Dregs of War Sour The Taste of Victory
Saddam's tenacity and plight of Kurds recall past American failures to `win the peace' - analysis
BOSTON — THE aftermath of the Gulf war is a new reminder of an old problem for American politicians - the United States is better at waging and winning wars than at the political cleanup afterwards. The war showed once again that the US military is a highly capable organization. Given sufficient troops, resources, and political backing - a combination the military did not enjoy in Vietnam - the Pentagon got the job done, and done amazingly well.
Absent were the logistical fiascoes of recent interventions in Panama and Grenada. A large call-up of reserves and transport of huge amounts of men and materiel went almost without a hitch. Americans' hearts soared along with those of liberated Kuwaitis at war's end.
But the public has been sobered by events in Iraq since then. A still-viable Iraqi military under Saddam Hussein brutally and bloodily put down rebellions by Shiites in the south and Kurds in the north. Thousands of Shiites fled to US military lines and the Iranian border. The plight of the Kurds, almost 2 million of whom have now fled to Turkey and Iran, is well known. The debacle was reported in detail by much of the same press corps that was restricted by Pentagon rules in its coverage of the Gulf wa r itself.
The US government appeared utterly unprepared for such contingencies. Having called upon the ``Iraqi people and military'' to overthrow Saddam, President Bush soon made it clear by his actions that he really meant the Iraqi military. The desire not to see Iraqi fragmented led to a policy that fervently hoped one of Saddam's own generals would dump him.
This was hard for many to take. Speaking to the American Society of Newspaper Editors here in Boston, businessman H. Ross Perot probably expressed the feelings of many when he compared the policy to asking Nazi henchman Adolf Eichman to seize power from Adolf Hitler.
The administration spent days arguing that the US should not get involved with the refugees, and then trying to stave off British Prime Minister John Major's plan for creation of safe havens within Iraq for them. But the public concern brought about by television pictures of pathetic refugees, as well as an on-site visit by Secretary of State James Baker III, forced the White House's hand, and the military relief effort began.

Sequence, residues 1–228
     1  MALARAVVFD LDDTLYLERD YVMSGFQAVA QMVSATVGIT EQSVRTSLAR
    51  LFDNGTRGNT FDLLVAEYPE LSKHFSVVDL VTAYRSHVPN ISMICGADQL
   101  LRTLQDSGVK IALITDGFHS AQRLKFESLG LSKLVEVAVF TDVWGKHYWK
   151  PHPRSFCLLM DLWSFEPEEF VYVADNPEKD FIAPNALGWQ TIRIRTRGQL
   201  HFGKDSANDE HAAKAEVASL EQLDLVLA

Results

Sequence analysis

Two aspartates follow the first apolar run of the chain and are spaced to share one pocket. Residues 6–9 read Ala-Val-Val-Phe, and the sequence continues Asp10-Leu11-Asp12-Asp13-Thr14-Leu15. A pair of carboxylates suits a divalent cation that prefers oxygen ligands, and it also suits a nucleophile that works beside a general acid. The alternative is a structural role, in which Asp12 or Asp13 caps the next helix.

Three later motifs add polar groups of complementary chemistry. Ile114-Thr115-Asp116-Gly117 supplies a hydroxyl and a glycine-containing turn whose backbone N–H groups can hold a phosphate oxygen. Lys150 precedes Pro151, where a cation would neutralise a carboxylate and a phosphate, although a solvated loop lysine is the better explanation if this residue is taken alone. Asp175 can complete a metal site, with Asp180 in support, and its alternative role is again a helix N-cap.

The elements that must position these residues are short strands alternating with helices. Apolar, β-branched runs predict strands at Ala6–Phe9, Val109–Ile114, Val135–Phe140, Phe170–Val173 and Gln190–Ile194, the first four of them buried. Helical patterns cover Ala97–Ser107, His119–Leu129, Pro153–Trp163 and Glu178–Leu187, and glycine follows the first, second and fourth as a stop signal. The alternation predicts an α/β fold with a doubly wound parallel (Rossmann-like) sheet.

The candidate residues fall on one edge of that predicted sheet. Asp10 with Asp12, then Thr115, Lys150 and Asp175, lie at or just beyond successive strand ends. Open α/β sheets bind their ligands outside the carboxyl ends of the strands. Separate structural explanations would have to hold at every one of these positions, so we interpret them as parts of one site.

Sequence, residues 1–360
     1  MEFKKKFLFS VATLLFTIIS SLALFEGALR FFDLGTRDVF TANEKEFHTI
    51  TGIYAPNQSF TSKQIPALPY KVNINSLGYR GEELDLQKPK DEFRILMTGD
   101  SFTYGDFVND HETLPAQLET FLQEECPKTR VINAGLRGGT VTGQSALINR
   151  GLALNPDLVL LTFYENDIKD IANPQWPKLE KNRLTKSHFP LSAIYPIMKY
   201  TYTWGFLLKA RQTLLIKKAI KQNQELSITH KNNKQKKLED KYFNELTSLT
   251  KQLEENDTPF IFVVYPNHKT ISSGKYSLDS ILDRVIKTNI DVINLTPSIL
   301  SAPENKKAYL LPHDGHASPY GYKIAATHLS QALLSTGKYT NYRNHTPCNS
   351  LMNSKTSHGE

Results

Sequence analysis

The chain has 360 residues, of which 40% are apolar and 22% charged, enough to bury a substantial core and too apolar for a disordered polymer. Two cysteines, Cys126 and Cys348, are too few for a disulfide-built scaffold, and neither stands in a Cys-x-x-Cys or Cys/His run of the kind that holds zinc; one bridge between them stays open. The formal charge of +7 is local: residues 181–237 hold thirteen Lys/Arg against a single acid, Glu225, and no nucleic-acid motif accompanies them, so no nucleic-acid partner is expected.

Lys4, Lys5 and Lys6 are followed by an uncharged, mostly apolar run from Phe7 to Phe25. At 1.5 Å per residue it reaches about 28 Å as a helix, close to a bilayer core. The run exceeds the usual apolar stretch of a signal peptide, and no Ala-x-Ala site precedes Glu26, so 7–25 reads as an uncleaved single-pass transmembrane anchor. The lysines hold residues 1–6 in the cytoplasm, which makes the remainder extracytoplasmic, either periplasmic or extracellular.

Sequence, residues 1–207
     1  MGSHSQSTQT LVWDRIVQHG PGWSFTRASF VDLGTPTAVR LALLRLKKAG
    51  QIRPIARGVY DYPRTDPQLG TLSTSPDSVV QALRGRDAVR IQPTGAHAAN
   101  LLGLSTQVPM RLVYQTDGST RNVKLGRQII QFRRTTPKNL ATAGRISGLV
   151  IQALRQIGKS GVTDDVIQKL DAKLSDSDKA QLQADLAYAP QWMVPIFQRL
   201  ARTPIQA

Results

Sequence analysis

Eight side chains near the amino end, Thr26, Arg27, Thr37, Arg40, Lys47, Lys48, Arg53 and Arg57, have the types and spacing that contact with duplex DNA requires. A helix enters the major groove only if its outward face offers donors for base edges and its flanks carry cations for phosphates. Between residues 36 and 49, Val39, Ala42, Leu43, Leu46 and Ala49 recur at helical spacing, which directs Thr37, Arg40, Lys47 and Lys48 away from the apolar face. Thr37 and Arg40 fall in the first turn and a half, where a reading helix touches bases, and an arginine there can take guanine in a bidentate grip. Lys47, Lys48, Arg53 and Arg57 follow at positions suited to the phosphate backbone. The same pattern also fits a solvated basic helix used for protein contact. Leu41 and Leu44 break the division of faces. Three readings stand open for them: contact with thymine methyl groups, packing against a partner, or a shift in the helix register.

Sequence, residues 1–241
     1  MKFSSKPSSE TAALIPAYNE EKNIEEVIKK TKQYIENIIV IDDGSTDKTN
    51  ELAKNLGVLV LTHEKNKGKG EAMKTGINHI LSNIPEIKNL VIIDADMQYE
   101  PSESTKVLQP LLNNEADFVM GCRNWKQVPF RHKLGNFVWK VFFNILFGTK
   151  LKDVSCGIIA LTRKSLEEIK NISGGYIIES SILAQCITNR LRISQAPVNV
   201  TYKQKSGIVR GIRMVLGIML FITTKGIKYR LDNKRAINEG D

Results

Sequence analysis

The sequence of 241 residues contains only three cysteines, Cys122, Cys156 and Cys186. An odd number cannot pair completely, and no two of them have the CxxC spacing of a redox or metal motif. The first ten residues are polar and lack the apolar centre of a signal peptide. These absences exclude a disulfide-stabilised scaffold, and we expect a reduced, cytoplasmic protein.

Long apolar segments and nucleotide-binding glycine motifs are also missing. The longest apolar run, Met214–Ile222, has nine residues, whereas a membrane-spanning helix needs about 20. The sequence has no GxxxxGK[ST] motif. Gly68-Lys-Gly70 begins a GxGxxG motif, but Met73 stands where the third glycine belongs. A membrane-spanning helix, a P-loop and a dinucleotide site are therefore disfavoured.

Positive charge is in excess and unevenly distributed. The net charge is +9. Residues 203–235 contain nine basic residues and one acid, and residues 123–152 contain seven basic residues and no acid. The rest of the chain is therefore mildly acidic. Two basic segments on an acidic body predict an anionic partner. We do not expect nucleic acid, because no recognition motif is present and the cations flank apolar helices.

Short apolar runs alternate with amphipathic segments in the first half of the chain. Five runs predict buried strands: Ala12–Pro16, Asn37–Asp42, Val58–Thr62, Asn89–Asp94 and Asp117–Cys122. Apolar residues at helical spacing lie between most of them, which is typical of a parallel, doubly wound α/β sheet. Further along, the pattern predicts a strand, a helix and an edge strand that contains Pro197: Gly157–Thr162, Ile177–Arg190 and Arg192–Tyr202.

Wars rarely end the way governments expect they will. The US fought World War I thinking it would establish a series of democratic nation-states on the ruins of the Austro-Hungarian Empire and go home as if the US had no further responsibility in Europe. Despite President Woodrow Wilson's best efforts, the Senate failed to approve US participation in the League of Nations, ensuring that body's eventual demise. Most of the newly freed states in Central and Eastern Europe lapsed into a series of petty dic tatorships, while democracy in Germany collapsed under the weight of punitive reparations demanded by Britain and France. The small young nations were crushed between Stalin's Soviet communism the East, and German and Italian fascism in the West.
THIS state of affairs led directly to World War II. Again the US administration put most of its thought into winning the war militarily, and not enough into the political and diplomatic challenges victory would entail. The result was that the Soviets ended up dominating all of Central and Eastern Europe until just last year. Inadequate arrangements on the Korean peninsula helped fuel the war there.
That Soviet domination ended peaceably and without nuclear war is a tribute to what US diplomacy can accomplish when there is no alternative. Strategic thinkers such as George Marshall, George Kennan, and Paul Nitze crafted such policies as the Marshall Plan for the economic recovery of Europe, the twin policies of deterrence and containment of Soviet power, and NATO. The sometimes-impatient waiting for the Soviet empire to falter under its own weight paid off.
But US improvisation since the end of the Gulf war is symptomatic of the old problem. Americans prefer quick solutions, which military intervention often promises. But when the shooting stops, there is always the need to win the peace. More than one nation has succeeded in obtaining goals at the negotiating table or in the streets that it could not win on the battlefield.
A recent Newsweek poll showed 55 percent of Americans felt that the Gulf war was not won because Saddam was still in power in Baghdad. The CIA reportedly believes he is more entrenched than ever. Improvisation will only return the US to the kind of debacle it experienced in Lebanon in 1983. The challenge facing the administration is to prevent diplomatic history from repeating itself.